Are heavier employees more likely to be passed over for jobs?
James Zervios recounts the story of a woman who was told she needed to lose weight to keep her job. She was a flight attendant who couldn’t buckle the seat belt on the plane’s jump seat.
“She was told if she did not lose enough weight to buckle the seat belt without a seat belt extender, then she would be terminated,” Mr. Zervios said.
As director of communications for the Obesity Action Coalition, a nonprofit organization based in Tampa, Fla., Mr. Zervios deals with weight-based discrimination a lot. He has worked with people who claim they weren’t promoted because of their weight. Others allege they were fired because of their inability to perform certain tasks. About once a month, he’ll get a call from someone who has been stigmatized at work because of their weight.
“Unfortunately, weight bias is alive and well,” Mr. Zervios said.
Research supports that conclusion. Heavier employees are more likely to lose their jobs or be passed over for positions than their thinner counterparts, according to the Rudd Center for Food Policy & Obesity at Yale University.
“I think what’s safe to conclude is that weight discrimination occurs at every stage of the employment cycle from getting hired to getting fired,” said Rebecca Puhl, deputy director at the Rudd Center. “What we see in experimental studies, for example, is that hiring professionals are less likely to hire an overweight candidate as opposed to a thinner candidate with the exact same qualifications.”
In fact, she added, an employer would rather hire a thin person who is less qualified for a position than an overweight person who is more qualified, especially for jobs where a lot of social interaction with clients is expected.
A 2008 Rudd Center study of more than 2,800 Americans found overweight adults were 12 times more likely to report having experienced weight-based employment discrimination than thinner persons. Of the study’s participants, 60 percent experienced at least one occurrence of employment-based discrimination due to weight issues.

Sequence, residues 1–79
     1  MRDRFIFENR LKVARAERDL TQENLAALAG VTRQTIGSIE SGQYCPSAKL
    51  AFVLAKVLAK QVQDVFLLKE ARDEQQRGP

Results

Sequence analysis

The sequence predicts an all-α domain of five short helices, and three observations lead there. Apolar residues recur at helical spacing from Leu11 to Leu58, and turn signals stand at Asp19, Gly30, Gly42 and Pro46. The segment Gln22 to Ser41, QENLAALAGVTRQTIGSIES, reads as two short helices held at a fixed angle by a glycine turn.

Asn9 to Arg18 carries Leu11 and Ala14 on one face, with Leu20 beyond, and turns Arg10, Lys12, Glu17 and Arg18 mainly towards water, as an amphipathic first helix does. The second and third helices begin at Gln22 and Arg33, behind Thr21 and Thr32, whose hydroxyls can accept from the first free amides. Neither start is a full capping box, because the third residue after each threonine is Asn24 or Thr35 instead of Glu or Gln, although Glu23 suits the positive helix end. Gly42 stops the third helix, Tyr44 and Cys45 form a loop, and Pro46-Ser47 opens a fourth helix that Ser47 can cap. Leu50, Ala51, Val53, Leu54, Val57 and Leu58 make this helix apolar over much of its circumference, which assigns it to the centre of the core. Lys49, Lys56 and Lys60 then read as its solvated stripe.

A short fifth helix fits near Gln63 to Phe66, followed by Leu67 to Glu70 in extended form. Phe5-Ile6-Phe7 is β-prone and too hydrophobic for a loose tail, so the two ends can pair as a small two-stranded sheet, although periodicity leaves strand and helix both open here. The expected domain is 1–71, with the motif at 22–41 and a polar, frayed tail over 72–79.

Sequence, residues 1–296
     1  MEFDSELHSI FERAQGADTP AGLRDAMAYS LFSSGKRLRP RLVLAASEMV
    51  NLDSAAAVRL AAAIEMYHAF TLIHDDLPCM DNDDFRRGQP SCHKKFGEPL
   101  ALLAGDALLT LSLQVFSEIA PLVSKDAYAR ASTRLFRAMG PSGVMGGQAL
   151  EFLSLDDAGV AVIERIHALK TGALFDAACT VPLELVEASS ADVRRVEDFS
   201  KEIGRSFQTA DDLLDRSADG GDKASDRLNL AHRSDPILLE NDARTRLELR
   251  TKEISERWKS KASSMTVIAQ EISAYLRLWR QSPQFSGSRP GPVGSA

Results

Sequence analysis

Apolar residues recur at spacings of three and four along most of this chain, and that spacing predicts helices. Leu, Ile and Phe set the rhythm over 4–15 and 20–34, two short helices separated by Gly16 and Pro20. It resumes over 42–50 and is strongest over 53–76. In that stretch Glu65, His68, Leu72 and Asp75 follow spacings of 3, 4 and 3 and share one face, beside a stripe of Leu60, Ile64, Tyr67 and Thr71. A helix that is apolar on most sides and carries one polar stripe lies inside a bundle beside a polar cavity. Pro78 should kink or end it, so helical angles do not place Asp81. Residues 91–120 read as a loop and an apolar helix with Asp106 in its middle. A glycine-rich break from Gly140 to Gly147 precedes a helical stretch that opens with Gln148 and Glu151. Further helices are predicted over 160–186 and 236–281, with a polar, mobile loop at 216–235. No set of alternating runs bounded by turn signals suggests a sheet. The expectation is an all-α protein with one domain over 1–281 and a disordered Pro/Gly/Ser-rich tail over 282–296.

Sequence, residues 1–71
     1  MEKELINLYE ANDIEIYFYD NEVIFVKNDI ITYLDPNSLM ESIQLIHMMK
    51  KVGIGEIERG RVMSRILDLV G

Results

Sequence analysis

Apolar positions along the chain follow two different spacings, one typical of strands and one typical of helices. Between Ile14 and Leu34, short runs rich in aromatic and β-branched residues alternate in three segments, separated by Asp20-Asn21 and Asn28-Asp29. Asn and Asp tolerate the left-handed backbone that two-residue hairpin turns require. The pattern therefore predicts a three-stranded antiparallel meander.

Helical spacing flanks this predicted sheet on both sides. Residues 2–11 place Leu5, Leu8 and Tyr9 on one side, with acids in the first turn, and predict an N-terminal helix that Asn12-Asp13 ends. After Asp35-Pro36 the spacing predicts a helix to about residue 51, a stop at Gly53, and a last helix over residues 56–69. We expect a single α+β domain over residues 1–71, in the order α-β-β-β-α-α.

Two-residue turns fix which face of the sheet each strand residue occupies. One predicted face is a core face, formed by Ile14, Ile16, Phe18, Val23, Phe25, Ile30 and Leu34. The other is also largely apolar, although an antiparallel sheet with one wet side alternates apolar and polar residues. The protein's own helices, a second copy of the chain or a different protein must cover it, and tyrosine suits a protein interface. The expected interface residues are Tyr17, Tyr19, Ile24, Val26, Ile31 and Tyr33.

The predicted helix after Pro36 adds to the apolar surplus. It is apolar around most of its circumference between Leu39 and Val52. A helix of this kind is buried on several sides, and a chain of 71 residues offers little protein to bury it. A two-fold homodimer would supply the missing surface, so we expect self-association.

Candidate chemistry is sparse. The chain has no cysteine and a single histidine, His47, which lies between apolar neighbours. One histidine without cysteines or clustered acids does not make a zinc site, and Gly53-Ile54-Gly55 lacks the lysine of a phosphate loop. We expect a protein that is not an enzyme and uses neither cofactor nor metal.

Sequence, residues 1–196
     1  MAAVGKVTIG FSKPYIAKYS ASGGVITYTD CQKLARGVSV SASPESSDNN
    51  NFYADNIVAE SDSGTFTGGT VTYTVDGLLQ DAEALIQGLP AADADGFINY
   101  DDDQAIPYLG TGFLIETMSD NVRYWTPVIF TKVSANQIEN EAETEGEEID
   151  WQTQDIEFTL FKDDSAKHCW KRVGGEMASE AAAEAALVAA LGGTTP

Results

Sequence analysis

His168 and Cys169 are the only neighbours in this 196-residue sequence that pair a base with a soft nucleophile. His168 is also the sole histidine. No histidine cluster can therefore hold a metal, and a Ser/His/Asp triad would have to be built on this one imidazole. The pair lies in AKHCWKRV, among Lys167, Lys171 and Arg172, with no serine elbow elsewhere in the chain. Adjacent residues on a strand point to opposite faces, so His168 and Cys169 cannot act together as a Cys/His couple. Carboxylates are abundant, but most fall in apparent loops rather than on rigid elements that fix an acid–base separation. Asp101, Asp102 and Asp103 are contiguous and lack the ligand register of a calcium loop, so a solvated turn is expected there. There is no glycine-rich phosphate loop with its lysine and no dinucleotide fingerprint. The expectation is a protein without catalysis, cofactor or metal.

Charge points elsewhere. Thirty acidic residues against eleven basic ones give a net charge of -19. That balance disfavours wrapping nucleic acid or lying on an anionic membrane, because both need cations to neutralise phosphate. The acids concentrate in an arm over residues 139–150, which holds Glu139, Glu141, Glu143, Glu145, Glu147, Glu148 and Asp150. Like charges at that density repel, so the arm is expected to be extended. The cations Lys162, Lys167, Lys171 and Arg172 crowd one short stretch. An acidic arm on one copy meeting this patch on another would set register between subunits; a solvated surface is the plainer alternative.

More than one-third of American adults are obese, according to the Center for Disease Control and Prevention.
Some experts believe discrimination on the basis of weight stems from idealistic beauty standards. “In general, more attractive people are viewed as having a number of positive traits, which reflects employment decisions,” said Mark Roehling, a professor at the School of Human Resources and Labor Resources at Michigan State University.
Others believe weight-related incidents can happen to anyone, even those who don’t fit the typical overweight criterion.
“A person does not need to have an extremely high body-mass index to experience discrimination and bias. Even those who aren't obese are being teased about their weight,” Ms. Puhl said. “Certainly, they’re much less likely to experience bias and stigma than a person who is overweight, but it doesn’t make them immune.”
There are few legal options available in these cases. A state law against weight-based discrimination has been passed in Michigan. Other similar measures have passed in cities such as San Francisco.
But currently there are no federal laws preventing the practice, which might be a reason it is often overlooked, Ms. Puhl said. “Because there is no legal recourse, people don’t come forward,” she said.
Some experts think employers should do more to address the issue, but others argue they could cause more damage than good.
“We notice employers will implement some type of plan they think will address the issue, but in reality it stigmatizes those who are overweight or obese. We’ve seen cases where companies would place a monetary penalty against someone who’s BMI fell in the obesity range,” Mr. Zervios said. “Basically, the employer penalizes employees who have obesity and yet do not offer any type of effective workplace wellness program.”
The Obesity Action Coalition offers a weight bias guide for those trying to stop weight-based discrimination in their workplace that offers suggestions on how to improve working conditions for such individuals. Ideas include creating a supportive environment and setting realistic, attainable weight goals.